For example, they can correctly answer staff's questions about the weather. These discussions also help children gain an understanding of how to keep themselves safe. For example, staff talk to them about how to protect their skin and bodies in hot weather.

Children experience mathematics through most activities. This includes counting out objects, using money in the role-play shop and as they go on shape walks. Children are encouraged to read by the staff.

For example, children are challenged to find the letters of their own names in a newspaper. Children wait with anticipation to hear and respond to the peekaboo part in a story. Younger children roar loudly as they imitate the dinosaur and keenly repeat words, such as 'splash' and 'chomp'.

Older children have a go at sounding out new words and write for a purpose. For example, as they attempt to write recipes for biscuits they baked.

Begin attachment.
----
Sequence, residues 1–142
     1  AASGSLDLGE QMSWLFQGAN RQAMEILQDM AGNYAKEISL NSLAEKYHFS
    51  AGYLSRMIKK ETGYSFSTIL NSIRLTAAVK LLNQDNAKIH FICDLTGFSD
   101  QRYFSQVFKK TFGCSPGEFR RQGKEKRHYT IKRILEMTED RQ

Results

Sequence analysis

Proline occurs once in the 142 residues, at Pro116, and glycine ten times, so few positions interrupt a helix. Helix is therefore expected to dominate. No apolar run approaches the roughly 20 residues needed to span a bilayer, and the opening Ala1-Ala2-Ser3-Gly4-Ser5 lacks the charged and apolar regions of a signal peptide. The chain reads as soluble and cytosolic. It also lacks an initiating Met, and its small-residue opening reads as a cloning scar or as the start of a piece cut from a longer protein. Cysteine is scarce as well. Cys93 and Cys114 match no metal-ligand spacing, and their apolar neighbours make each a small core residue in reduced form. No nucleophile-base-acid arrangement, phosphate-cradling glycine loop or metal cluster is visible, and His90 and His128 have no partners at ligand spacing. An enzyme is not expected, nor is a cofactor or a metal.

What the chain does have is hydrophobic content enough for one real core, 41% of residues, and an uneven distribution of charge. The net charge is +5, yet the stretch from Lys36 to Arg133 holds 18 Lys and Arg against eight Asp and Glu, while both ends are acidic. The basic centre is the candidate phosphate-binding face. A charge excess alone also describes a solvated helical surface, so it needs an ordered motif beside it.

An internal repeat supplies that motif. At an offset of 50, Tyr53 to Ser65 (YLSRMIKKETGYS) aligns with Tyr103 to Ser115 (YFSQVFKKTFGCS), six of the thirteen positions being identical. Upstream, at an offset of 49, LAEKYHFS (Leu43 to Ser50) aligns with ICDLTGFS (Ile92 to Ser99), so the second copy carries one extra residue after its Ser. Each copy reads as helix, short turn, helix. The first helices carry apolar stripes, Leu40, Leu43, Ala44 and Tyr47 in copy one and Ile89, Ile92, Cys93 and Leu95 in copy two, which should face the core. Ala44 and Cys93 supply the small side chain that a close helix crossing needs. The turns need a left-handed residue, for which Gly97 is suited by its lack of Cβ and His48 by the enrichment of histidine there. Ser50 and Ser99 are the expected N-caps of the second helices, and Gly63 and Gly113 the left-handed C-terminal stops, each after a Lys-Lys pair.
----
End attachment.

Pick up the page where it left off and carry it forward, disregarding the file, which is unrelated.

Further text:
What does the early years setting do well and what does it need to do better?

There is a clear and ambitious intent for the curriculum.

The curriculum is sequenced and, in the main, delivered well to help children build on their stages of development. As a result, children are actively engaged and involved in the activities and experiences provided for them. Consequently, all children, including those who are funded and those who have special educational needs and/or disabilities, make good progress from their unique starting points.